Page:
Infections of the upper respiratory tract (URT) are quite common in dogs and usually affect young pups, unvaccinated dogs and those with poor immune mechanisms. Unlike cats, dogs rarely develop asthma or allergic respiratory disease. In cases of respiratory tract infections, two signs are most commonly noticed – labored breathing (dyspnoea) and increased breathing rate (tachypnea).
Here are the six most commonly-diagnosed canine respiratory infections:
1. Canine Rhinovirus is a contagious respiratory disease and is usually occurs when the animal is under stress due to traveling, separation, and underlying illness. Signs are more or less similar to a human cold – sneezing, coughing, difficulty in breathing, fever, lethargy and inappetence.
2. Tonsillitis is found most commonly in small dogs especially those with short nasal passages (brachycephalic breeds) like Pugs, French Bulldogs, Boston Terriers and Pekingeses, among others. The infection can affect one or both of the tonsils simultaneously. Signs include chronic vomiting or regurgitation, retching (trying to vomit as if something is choking the passage), chronic coughing, restlessness, changes in barking sounds (hoarseness), increased drooling, difficulty in swallowing and dull appearance.
3. Kennel Cough – also known as canine infectious tracheobronchitis – is caused by several bacterial or viral pathogens and is highly contagious. The infection is mostly noticed in young pups and elderly dogs with stress as the major triggering factor. Symptoms include dry cough followed by retching, yellowish nasal discharge (pus), fever and anorexia. If left undiagnosed, kennel cough can progress to bronchopneumonia. As a prevention, dogs should be immunized against the disease.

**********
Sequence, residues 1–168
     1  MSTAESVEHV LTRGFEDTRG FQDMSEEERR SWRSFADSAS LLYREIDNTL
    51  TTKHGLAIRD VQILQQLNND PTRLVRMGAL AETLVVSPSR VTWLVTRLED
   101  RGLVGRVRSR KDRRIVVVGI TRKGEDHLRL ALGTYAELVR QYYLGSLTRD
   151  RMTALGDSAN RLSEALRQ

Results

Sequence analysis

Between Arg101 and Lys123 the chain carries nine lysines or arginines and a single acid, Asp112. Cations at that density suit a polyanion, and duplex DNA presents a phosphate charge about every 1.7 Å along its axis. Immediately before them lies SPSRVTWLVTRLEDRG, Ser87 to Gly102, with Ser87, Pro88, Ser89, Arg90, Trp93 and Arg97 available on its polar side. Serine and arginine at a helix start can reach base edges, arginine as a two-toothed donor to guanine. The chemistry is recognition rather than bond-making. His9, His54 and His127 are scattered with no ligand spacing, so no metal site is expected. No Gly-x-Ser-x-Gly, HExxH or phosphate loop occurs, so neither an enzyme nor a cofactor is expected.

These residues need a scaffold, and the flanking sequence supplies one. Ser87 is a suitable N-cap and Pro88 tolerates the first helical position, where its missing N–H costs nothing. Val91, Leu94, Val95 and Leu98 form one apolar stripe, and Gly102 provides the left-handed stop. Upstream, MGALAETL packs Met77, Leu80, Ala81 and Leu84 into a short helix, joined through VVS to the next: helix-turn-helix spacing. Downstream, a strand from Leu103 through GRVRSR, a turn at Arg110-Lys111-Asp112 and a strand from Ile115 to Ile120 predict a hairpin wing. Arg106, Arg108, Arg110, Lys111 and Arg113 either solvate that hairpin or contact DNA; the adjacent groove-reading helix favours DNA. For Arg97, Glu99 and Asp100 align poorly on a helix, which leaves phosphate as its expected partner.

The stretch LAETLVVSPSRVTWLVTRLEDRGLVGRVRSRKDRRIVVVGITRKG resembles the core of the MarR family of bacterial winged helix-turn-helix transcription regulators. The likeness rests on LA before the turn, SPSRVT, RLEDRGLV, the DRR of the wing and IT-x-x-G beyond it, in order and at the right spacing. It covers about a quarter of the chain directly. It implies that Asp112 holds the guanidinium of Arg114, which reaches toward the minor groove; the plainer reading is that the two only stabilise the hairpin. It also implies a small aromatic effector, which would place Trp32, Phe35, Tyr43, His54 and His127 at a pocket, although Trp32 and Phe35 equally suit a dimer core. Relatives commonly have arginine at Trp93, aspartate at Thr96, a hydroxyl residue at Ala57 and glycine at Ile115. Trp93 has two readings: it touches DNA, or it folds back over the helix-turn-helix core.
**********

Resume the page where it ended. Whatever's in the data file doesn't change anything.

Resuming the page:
4. Lung parasites include lung flukes and nematodes which feed and live in the lungs. Signs of lung parasites include dry, deep and intermittent coughing, respiratory distress, chronic wasting and nasal discharge, depending on the extent of the infection. For diagnosis, your vet will perform a stool or sputum test and examine for the presence of parasite eggs; medications are prescribed accordingly.
5. Respiratory Tract Tumors in the nose and paranasal sinus account for 1-2% of all canine tumors. In dogs, nasal tumors are often malignant and chronic nasal discharge (mucoid, mucopurulent or serosanguineous) is the most consistent finding. Other signs include nose bleeding, periodic sneezing and inspiratory sounds (stertor).
6. Pneumonia can be an acute or chronic inflammation of the lungs and bronchi which can be bacterial, viral or parasitic in origin. It is the terminal stage of most respiratory tract infections, and, if left untreated, ultimately progresses to death. Clinical signs include progressive dyspnoea, nasal discharge, lethargy, lung sounds heard during respiration, chronic coughing and fever.
When to Consult a Veterinarian
If you notice breathing problems and/or any of the other signs linked with abnormal respiration, visit a vet as soon as possible. To arrive at a diagnosis, your vet will likely use blood tests, x-rays, ultrasound and faecal test then treat accordingly. Remember to bring in a fecal sample for your vet to analyze if your dog is coughing!
To restore normal breathing, steroidal or nonsteroidal drugs are prescribed along with antihistamines, cough suppressants, bronchodilators, and other medications. In case of bacterial diseases, antibiotics are recommended for 2-4 weeks depending on the condition of the animal and the extent of the damage caused. Supplemental oxygen and fluid therapy are advised in severe cases when respiration is hampered to a great extent and the condition of the animal is deteriorating.
Dogs with URT infections usually have a good to excellent prognosis, as long as the infection is diagnosed and treated promptly. The outlook becomes less favorable if the infection progresses to bronchopneumonia.